In the overall study population, pemetrexed was statistically superior to placebo in terms of overall survival (OS) (median 13.4 months versus 10.6 months, HR = 0.79 (95% CI: 0.65 - 0.95), p-value = 0.012) and PFS (median 4.0 months versus 2.0 months, HR = 0.60 (95% CI: 0.49 - 0.73), p-value < 0.00001). Consistent with previous pemetrexed studies, a difference in treatment outcomes was observed according to histologic classification. For the indicated population i.e. patients with NSCLC other than predominantly squamous cell histology, pemetrexed was superior to placebo for OS (median 15.5 months versus 10.3 months, HR = 0.70 (95% CI: 0.56-0.88)) and PFS (median 4.4 months versus 1.8 months, HR = 0.47 (95% CI: 0.37-0.60)).
The PFS and OS results in patients with squamous cell histology suggested no advantage for pemetrexed over placebo.
There were no clinically relevant differences observed for the safety profile of pemetrexed within the histology subgroups. (See Figure 4.)
A multicentre, randomised, double-blind, placebo-controlled Phase 3 study (PARAMOUNT), compared the efficacy and safety of continuation maintenance treatment with pemetrexed plus BSC (n = 359) with that of placebo plus BSC (n = 180) in patients with locally advanced (Stage IIIB) or metastatic (Stage IV) NSCLC other than predominantly squamous cell histology who did not progress after 4 cycles of first line doublet therapy of pemetrexed in combination with cisplatin. Of the 939 patients treated with pemetrexed plus cisplatin induction, 539 patients were randomised to maintenance treatment with pemetrexed or placebo. Of the randomised patients, 44.9% had a complete/partial response and 51.9% had a response of stable disease to pemetrexed plus cisplatin induction. Patients randomised to treatment were required to have an ECOG performance status 0 or 1. The median time from the start of pemetrexed plus cisplatin induction therapy to the start of maintenance treatment was 2.96 months on both the pemetrexed arm and the placebo arm. Randomised patients received maintenance treatment until disease progression. For statistical purposes, efficacy and safety were measured from the time of randomisation after completion of first line (induction) therapy. Patients received a median of 4 cycles of maintenance treatment with pemetrexed and 4 cycles of placebo. A total of 169 patients (47.1%) completed ≥ 6 cycles maintenance treatment with pemetrexed, representing at least 10 total cycles of pemetrexed.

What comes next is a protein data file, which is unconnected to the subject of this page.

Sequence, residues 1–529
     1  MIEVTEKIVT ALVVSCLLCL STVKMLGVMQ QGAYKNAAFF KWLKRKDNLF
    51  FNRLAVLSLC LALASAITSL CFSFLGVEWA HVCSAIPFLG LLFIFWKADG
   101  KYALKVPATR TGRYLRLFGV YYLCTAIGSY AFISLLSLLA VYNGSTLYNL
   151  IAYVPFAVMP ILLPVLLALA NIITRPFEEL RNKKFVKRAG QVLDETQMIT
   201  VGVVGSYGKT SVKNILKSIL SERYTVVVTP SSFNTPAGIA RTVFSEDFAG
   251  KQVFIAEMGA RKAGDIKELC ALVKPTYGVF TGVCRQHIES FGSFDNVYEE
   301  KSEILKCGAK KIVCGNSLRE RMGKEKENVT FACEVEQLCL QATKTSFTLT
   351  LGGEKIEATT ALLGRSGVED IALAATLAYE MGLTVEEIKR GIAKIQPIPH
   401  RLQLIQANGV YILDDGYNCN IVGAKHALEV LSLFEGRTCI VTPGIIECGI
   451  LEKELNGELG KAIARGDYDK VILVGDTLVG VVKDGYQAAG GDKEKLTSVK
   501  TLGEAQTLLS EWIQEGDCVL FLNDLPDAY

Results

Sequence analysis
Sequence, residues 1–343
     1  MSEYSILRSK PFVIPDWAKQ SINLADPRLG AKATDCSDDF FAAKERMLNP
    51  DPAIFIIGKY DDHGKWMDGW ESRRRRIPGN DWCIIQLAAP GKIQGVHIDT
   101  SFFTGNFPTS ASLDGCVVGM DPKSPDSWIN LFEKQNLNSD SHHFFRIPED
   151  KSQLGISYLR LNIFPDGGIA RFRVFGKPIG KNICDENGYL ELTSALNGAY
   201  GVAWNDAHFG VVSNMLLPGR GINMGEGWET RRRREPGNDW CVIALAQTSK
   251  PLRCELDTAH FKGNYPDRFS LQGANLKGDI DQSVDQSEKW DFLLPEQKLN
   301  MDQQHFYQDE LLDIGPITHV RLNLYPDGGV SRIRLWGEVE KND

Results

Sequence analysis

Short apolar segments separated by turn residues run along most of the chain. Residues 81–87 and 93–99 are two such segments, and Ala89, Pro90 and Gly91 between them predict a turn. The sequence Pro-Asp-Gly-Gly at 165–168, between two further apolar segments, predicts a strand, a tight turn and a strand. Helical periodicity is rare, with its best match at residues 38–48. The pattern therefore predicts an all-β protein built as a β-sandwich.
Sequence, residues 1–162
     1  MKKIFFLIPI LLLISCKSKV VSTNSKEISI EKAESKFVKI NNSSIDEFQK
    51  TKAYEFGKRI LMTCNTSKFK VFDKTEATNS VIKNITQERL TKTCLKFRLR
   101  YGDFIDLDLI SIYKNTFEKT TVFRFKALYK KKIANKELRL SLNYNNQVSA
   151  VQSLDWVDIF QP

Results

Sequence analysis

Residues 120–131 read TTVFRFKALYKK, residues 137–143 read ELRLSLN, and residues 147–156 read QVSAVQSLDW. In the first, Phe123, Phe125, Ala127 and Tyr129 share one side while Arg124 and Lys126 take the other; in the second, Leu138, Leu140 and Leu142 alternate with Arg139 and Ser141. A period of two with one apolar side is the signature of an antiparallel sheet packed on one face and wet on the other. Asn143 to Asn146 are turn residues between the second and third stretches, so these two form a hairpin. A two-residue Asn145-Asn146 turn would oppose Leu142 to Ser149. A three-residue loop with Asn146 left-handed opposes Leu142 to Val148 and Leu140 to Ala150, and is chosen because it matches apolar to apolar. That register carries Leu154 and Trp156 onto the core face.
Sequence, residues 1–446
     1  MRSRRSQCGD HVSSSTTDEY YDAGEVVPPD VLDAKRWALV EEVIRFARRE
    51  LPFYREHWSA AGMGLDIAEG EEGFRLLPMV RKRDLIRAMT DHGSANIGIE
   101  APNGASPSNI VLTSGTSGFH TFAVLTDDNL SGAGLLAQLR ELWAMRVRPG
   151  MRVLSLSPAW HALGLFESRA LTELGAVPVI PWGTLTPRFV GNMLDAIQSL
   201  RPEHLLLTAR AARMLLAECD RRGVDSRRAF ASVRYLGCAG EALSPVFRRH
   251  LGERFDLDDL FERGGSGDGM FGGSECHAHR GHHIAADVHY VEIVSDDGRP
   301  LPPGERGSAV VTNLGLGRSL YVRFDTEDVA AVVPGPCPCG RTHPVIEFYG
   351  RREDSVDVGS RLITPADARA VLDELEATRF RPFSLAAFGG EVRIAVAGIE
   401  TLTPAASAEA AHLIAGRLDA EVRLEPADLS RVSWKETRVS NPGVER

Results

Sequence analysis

Independent review of the imaging of 472 of the 539 randomised patients showed that the study met its primary endpoint (PFS) and showed a statistically significant improvement in PFS in the pemetrexed arm over the placebo arm - median of 3.9 months and 2.6 months respectively (hazard ratio = 0.64, 95% CI = 0.51-0.81, p = 0.0002). The independent review of patient scans showed consistent results to the findings of the investigator assessment of PFS. In addition, for randomised patients, as measured from the start of pemetrexed plus cisplatin first line induction treatment, the median investigator-assessed PFS was 6.9 months for the pemetrexed arm and 5.6 months for the placebo arm (hazard ratio = 0.59, 95% CI = 0.47-0.74).